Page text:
First, we observe that flexibility can be pre-built into the contract. For example, the monsoon is a difficult time for everyone. Contracts could reflect this by reducing payments during this period in a pre-specified manner. Similarly, dairy farmers face two months a year without milk. Again, the contract could pre-specify a smaller loan during this period. Pre-specification of flexibility has many benefits. Notably, the client does not feel that they can negotiate down other payments. The flexibility is not after the fact. It is actually a “rigid” flexibility, with tightly delineated rules. As a result, it also eases concerns of MIS, cash management and loan-officer fraud.

Second, one could provide less rigid flexibility by pre-specifying a number of low payment periods, but not their timing. For example, one could give clients several tokens and tell them that each token can count for one weekly payment. In this way, the client agrees to a slightly higher payment each week in return for getting a few difficult weeks (of their own choosing) off. Again, the creation of a token ought to ease the logistical problems of MIS, cash management and fraud. Yet it still provides the borrower a great deal of flexibility.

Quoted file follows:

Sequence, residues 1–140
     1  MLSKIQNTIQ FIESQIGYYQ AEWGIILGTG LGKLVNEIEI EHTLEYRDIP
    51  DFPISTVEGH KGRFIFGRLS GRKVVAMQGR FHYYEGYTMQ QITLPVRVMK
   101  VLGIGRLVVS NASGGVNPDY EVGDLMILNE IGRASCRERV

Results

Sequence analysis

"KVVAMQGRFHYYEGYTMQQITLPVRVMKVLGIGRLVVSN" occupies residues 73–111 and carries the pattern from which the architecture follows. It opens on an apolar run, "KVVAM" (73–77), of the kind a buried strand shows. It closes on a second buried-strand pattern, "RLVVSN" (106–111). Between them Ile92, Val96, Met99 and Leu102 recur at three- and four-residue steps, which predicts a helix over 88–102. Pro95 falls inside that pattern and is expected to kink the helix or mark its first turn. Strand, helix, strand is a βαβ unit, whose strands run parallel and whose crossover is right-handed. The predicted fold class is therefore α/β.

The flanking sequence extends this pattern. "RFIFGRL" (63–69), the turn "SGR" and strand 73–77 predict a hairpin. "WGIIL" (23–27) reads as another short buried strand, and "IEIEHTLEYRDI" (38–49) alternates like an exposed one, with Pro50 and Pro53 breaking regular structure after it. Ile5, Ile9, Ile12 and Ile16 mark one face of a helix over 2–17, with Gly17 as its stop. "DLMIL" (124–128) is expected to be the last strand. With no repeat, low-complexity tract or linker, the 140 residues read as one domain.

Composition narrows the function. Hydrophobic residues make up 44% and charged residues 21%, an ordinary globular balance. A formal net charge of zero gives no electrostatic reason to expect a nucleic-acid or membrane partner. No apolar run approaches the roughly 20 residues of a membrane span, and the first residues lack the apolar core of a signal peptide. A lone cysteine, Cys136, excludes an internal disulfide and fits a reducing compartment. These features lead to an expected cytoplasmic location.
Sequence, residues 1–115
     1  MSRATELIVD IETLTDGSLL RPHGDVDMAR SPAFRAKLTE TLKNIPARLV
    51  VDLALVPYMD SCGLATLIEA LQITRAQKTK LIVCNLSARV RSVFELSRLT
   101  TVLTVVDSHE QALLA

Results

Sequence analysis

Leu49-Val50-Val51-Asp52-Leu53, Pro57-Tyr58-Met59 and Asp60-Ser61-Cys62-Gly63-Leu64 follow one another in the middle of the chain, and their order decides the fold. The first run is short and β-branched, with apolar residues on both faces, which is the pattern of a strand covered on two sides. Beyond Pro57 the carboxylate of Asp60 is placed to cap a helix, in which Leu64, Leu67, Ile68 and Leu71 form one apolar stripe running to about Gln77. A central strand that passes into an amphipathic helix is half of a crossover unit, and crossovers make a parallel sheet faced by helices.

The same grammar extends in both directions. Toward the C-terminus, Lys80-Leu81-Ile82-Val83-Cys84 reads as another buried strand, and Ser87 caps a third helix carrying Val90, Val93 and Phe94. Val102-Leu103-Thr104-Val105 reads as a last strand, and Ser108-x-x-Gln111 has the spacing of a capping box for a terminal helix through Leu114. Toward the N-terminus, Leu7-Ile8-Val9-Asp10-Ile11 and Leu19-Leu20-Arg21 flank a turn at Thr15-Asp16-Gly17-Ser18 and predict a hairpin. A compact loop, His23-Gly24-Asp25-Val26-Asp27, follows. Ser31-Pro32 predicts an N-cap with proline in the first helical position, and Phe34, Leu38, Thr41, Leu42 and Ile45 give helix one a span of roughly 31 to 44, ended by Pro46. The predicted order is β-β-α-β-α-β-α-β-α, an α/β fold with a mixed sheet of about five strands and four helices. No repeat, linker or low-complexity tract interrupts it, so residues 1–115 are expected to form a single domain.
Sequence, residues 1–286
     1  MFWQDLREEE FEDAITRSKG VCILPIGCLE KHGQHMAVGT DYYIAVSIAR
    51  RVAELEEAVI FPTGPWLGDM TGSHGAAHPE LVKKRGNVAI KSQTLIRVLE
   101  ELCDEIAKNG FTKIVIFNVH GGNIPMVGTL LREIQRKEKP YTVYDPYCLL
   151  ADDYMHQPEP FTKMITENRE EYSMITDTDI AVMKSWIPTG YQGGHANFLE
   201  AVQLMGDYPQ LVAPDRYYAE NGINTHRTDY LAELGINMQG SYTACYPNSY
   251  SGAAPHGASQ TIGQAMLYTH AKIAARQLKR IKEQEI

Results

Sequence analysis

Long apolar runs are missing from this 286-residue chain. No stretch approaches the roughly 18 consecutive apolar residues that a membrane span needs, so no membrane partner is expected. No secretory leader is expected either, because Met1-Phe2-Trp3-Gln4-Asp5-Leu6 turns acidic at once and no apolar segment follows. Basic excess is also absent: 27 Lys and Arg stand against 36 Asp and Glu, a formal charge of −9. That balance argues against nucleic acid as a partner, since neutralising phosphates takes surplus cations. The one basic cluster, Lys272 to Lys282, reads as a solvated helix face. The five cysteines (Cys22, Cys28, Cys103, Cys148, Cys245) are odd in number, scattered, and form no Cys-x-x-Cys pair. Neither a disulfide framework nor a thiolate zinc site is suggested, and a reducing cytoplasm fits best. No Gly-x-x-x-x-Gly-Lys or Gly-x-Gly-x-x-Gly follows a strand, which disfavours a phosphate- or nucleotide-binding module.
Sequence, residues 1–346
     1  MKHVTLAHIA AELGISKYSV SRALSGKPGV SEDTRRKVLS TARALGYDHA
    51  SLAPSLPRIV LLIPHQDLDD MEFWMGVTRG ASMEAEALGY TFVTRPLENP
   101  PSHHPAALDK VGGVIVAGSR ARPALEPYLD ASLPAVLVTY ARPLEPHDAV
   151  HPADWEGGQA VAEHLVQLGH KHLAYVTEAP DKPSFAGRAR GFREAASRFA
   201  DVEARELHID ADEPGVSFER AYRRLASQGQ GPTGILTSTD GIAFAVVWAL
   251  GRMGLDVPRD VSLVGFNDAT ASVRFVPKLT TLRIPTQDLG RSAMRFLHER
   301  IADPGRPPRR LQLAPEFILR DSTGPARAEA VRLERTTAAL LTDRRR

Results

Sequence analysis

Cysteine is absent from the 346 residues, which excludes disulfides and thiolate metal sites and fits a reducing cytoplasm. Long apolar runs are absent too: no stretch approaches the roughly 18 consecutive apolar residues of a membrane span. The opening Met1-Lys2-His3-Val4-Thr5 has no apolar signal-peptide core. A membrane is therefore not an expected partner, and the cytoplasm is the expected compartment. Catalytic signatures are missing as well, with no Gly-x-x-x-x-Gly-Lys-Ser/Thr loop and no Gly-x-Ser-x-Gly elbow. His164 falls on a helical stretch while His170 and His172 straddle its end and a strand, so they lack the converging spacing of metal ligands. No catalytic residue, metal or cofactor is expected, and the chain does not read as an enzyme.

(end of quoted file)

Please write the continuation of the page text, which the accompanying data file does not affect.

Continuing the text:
Finally, consider a Micro Finance Institution which feels that their borrowers could handle loans that are 2,000Rs higher than they currently receive. Should they just increase the initial loan size? What if instead they told all borrowers that they would be eligible for a 2,000Rs second loan, at any point during the cycle? This second loan might actually help the client more than simply increasing the initial loan by 2,000Rs, since it gives the client a safety valve in case of emergencies.

Will these products work? Will operational hurdles prevent them from working? Will they erode repayment discipline and increase default? Or will they allow for much larger loan sizes and greater client income growth? We simply do not know. A common retort is that borrowers can use other sources of income or debt to fill in the gaps. This misses the basic point about the financial policy for the poor: these alternatives either do not exist or are very expensive. Why cede this important and potentially lucrative financial service without ever testing the waters? There is only way to know if microfinance can be more flexible: to test flexibility.

Much remains unknown in microfinance. We focus here on one issue in particular: the flexibility or rigidity of debt products. Nearly everyone feels they know how to structure a microfinance loan. Yet everyone differs on the answer. We label these as unknown not because nobody knows the answer but because we all “know” different answers. The goal of our research around the world, as with the Innovations for Poverty Action, the Financial Access Initiative, and the MIT Jameel Poverty Action Lab, is to bring about consensus about the circumstances under which different products and features and services are optimal for clients and institutions.